Glaze explained that Mars 2020 is developed with a close eye to the overall goals of NASA's Mars exploration program, a process that "relies on robust dialogue with the community and the National Academy’s solar system decadal surveys to ensure the science goals are prioritized accordingly." (The National Academy of Sciences is a scientific advisory board in the United States that provides advice on future research directions).

Mars 2020's contributions to the overall program include attempting to determine whether life existed on Mars, exploring the Red Planet's climate and geology, and preparing for possible human missions in the 2030s, according to NASA

The agency's Red Planet science-exploration program, including Mars 2020, is "strongly supported by the community," with each mission to the Red Planet building upon the knowledge of past missions. Indeed, in the rover sequence alone, Mars 2020 will be the fifth NASA rover to reach the surface of Mars, after Sojourner, Spirit, Opportunity and Curiosity, which each probed aspects of the planet's watery past. 

Yet the GAO report singled out Mars 2020 and three other NASA programs (such as NASA's Space Launch System megarocket) for "technical challenges that were compounded by risky programmatic decisions," such as holding the critical design review earlier than usual.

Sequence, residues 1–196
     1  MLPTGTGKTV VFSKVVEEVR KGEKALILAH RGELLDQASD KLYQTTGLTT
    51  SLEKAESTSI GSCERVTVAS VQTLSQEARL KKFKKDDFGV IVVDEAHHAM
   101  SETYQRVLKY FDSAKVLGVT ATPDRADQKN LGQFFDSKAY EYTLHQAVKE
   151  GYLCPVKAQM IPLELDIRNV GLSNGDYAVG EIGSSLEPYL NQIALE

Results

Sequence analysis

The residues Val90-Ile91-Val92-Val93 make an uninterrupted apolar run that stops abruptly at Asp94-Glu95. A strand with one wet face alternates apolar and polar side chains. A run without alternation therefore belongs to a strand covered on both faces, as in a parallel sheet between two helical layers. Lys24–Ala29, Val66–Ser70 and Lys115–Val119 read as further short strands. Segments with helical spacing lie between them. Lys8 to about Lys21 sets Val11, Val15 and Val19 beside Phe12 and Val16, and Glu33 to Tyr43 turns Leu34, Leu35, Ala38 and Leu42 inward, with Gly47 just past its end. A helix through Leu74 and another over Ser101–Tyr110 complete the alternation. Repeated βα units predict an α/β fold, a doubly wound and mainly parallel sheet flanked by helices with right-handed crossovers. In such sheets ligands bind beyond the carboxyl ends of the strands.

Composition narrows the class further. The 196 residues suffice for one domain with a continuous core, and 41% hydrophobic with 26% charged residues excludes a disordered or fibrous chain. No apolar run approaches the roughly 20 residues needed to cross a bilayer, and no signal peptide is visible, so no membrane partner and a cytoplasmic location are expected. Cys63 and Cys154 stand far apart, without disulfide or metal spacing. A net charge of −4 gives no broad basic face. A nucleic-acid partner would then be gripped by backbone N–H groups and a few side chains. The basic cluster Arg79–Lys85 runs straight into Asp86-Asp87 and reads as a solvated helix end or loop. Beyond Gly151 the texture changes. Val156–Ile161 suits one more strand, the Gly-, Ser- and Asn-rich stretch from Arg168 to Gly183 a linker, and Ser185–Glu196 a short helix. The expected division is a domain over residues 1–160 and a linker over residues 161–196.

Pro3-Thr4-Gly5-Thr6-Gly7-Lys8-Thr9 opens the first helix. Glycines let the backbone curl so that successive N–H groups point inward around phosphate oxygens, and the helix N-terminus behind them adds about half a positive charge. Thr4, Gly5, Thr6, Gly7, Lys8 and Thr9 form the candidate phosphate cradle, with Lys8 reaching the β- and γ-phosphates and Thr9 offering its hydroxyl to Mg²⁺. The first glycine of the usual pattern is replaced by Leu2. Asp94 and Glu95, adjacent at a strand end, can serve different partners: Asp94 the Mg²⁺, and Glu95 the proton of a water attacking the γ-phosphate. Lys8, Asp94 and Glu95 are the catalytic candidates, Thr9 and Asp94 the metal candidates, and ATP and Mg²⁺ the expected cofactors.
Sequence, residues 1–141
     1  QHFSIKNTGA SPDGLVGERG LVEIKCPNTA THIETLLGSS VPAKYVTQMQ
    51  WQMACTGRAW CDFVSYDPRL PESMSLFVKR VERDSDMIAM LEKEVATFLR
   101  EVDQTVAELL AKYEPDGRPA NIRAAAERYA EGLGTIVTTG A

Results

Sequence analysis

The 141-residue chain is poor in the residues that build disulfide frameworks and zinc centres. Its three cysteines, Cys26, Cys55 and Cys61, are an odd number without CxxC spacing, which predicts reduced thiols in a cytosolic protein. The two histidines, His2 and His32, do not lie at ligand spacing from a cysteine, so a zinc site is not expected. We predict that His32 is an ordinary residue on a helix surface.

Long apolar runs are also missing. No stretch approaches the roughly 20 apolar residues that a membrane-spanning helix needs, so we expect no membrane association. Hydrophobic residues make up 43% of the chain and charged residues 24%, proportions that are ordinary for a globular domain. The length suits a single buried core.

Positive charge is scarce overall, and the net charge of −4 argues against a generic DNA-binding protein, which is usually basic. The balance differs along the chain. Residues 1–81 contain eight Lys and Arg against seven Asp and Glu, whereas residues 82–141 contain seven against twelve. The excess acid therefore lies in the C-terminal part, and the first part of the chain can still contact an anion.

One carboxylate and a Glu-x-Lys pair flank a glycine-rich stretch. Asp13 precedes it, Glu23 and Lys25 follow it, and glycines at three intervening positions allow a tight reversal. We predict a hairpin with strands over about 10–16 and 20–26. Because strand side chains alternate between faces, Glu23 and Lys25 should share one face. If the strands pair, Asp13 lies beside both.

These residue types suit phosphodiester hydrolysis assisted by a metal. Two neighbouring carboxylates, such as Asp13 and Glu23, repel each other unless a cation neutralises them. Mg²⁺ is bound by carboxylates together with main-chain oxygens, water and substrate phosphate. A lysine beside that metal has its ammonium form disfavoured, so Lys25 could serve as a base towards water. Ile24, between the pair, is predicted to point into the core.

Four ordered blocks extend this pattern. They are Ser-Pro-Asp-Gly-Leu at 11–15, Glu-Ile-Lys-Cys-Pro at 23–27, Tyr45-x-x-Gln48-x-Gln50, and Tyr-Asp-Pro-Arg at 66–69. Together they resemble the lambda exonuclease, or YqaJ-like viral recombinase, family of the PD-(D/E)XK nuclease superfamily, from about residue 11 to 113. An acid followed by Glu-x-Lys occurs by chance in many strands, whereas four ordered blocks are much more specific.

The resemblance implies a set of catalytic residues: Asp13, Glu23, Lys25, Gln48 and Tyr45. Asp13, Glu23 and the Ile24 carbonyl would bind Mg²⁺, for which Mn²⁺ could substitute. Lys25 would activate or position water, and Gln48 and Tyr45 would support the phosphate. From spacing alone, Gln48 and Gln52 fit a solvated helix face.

"The Mars 2020 project held its critical design review before it had a stable design, at which point it had released about 72% of its expected design drawings," the GAO said. "Project officials stated that they held the design review earlier than normal to avoid delaying the development of heritage technologies, which make up a large percentage of the Mars 2020 rover. As a result of holding the review early, new and highly complex developments were not stable at the time of the design review."

The result was cost growth on two instruments: one on the rover's entry, descent and landing system (which faced unexpected integration challenges) and a technology-demonstration instrument to convert carbon dioxide to oxygen, which proved tougher to develop than expected.

More cost growth in 2019

By March 2019, the mission was facing even more cost growth only 16 months before its expected launch window, which opens in July 2020. This cost growth was rumored for months in the planetary science community but became clear only in NASA's fiscal year 2020 budget proposal, according to SpaceNews.